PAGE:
All McGill students, whether they are varsity athletes or not, pay the McGill Athletics and Recreation Fee. Full time undergraduate students pay $130.83 a term, and part-time students pay $79.13. Undergraduate students also contribute to the Athletics and Recreation Facilities Improvement Fee. The Athletics and Recreation fee is one of the largest student fees, and it caused controversy among members of the Post-Graduate Students’ Society (PGSS) in 2013 when Athletics asked for a fee increase. Little public information exists on exactly how the fee operates, and how it benefits McGill Athletics and the wider McGill student population
McGill Athletics and Recreation fee
McGill Athletics and Recreation has an overall operating budget dedicated to the running of various programs, maintaining and running their various facilities and programs, and paying staff salaries. According to Philip Quintal, interim executive director of McGill Athletics and Recreation, the McGill Athletics and Recreation Fee contributes 64 per cent of the revenue stream that goes directly into the operating budget, which is then used to carry out Athletics’ general operations.
“The athletics fee, as our other revenues do, [contributes] to the day to day, overall running of our Athletics and Recreation operations,” Quintal explained. “It helps us with our programming, with our facilities, our maintenance issues [….] Right now, our net gains from […] our athletics fee is roughly just a little over $7 million.”
McGill Athletics also provides a number of jobs for students. The Athletics fee contributes to the payroll for university students to work.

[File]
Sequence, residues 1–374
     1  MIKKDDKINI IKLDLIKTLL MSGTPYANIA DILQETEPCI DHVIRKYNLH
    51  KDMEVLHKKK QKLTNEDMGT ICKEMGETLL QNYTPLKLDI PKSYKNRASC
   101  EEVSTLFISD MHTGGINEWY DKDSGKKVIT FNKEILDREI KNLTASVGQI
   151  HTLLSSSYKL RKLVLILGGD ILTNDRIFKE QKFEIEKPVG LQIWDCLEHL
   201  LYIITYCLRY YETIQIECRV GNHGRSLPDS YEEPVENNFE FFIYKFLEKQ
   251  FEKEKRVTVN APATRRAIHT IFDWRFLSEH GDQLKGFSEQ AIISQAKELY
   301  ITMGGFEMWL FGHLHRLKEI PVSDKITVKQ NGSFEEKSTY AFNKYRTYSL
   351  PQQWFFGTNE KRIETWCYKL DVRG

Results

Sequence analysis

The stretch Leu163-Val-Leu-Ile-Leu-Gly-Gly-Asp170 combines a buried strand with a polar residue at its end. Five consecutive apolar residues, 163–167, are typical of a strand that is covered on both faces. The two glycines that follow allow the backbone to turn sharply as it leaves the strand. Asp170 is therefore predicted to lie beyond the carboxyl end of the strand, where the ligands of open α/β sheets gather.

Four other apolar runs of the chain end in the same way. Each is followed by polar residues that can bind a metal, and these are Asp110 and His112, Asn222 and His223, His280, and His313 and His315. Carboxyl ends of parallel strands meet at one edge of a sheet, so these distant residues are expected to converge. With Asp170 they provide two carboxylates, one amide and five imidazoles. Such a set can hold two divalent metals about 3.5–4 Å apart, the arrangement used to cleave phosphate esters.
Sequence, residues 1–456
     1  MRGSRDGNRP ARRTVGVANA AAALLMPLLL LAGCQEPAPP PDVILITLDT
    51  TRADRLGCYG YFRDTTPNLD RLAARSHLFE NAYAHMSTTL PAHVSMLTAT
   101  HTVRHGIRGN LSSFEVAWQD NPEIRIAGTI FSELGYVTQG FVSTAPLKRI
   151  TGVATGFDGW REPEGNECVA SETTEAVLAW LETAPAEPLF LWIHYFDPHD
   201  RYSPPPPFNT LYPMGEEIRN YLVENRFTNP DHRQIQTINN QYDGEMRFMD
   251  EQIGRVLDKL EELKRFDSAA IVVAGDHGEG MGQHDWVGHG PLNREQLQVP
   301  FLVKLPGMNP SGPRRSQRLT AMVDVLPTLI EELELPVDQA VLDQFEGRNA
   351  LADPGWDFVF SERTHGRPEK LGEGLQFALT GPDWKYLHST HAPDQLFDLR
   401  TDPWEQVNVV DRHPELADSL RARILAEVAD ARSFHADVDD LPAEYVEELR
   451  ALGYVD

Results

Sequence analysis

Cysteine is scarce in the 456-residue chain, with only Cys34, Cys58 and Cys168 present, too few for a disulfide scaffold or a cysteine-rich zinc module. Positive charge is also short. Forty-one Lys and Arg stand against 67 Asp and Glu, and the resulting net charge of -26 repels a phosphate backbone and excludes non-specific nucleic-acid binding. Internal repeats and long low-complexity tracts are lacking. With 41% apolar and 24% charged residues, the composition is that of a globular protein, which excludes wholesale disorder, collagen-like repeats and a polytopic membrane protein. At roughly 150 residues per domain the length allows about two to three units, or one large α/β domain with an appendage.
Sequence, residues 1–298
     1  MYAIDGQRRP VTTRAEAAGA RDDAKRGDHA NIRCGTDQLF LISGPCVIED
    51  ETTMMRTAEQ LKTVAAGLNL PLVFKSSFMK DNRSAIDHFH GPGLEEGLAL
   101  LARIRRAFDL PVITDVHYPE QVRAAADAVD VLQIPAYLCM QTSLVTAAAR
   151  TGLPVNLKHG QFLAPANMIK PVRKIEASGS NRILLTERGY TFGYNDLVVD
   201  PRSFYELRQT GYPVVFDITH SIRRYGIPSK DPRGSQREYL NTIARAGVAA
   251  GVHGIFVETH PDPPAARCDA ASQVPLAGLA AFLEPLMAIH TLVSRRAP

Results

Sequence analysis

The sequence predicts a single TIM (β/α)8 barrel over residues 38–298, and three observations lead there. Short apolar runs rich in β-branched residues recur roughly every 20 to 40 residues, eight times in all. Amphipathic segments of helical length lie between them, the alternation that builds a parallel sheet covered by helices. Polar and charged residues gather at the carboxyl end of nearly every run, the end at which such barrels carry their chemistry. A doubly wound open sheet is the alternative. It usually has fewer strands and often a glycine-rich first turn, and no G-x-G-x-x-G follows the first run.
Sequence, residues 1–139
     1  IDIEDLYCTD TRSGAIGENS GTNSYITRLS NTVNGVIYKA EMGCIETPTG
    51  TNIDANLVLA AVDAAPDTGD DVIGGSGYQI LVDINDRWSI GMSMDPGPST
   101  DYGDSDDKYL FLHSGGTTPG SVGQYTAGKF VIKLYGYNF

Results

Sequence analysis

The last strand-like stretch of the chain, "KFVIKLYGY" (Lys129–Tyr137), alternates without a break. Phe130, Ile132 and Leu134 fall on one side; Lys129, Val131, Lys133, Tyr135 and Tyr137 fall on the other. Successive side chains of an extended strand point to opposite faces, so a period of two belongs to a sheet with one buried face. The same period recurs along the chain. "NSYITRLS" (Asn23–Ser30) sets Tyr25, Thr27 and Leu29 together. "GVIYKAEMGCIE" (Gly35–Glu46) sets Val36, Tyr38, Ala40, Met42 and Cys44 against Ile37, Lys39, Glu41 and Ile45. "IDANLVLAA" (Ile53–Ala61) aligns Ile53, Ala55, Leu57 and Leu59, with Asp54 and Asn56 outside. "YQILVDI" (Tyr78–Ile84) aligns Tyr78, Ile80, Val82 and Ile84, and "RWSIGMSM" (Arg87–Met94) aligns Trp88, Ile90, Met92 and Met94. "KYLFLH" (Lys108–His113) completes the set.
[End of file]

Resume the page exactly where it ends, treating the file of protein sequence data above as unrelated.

“We have always tried to […] provide work opportunities for our McGill university students,” Quintal explained. “[That] goes hand in hand with running [Athletics’] programs and opening our building to our students.”
Other sources of revenue for the operating budget
McGill Athletics has revenue streams outside of the Athletics fee. Athletics works throughout the year to ensure that they are getting enough revenue to fund their facilities and operations.
“If you were just to take our payroll, our full time staff, our full time payroll, and you took the money to run all of our buildings […] only those two factors combined are right around $9 million,” Quintal explained. “We have to have a very good plan put forward to try and generate revenues to keep the place running […] there are many other things that contribute towards that budget [for example] buying equipment, the travel of some of our teams.”
Part of this additional revenue comes from renting out facilities, selling gym memberships and providing services and programs to the general public and students alike. Members of the public pay $76 a month for access to the sports complex and fitness centre while undergraduate McGill students pay $32 a semester for access to the fitness centre.
“We sell memberships, students pay fees to participate in intramural programs,” Quintal said. “If you take a fitness and recreation course, there is a fee to participate in that course […] we sell a small fitness centre membership that we collect from our students.”
McGill also makes money from varsity sports on game day by selling tickets and refreshments. On these days, you can also see some of Athletics’ corporate sponsors, such as Dominos Pizza, or Peel Pub.
“We got out and we try as much as possible to market some of our programs so that we have corporate sponsorships on the outside,” Quintal said.
According to Doug Sweet, director of internal communications at McGill, Athletics also receives money from the Quebec government but no funds from the operating budget are earmarked for Athletics
“McGill receives $2.5 million per year from the government of Quebec for services to students,” Sweet wrote in an email to the Tribune. “[Seventy-five] per cent of that goes to Student Services; 25 per cent goes to Athletics. McGill’s central operating budget does not contribute to Athletics.”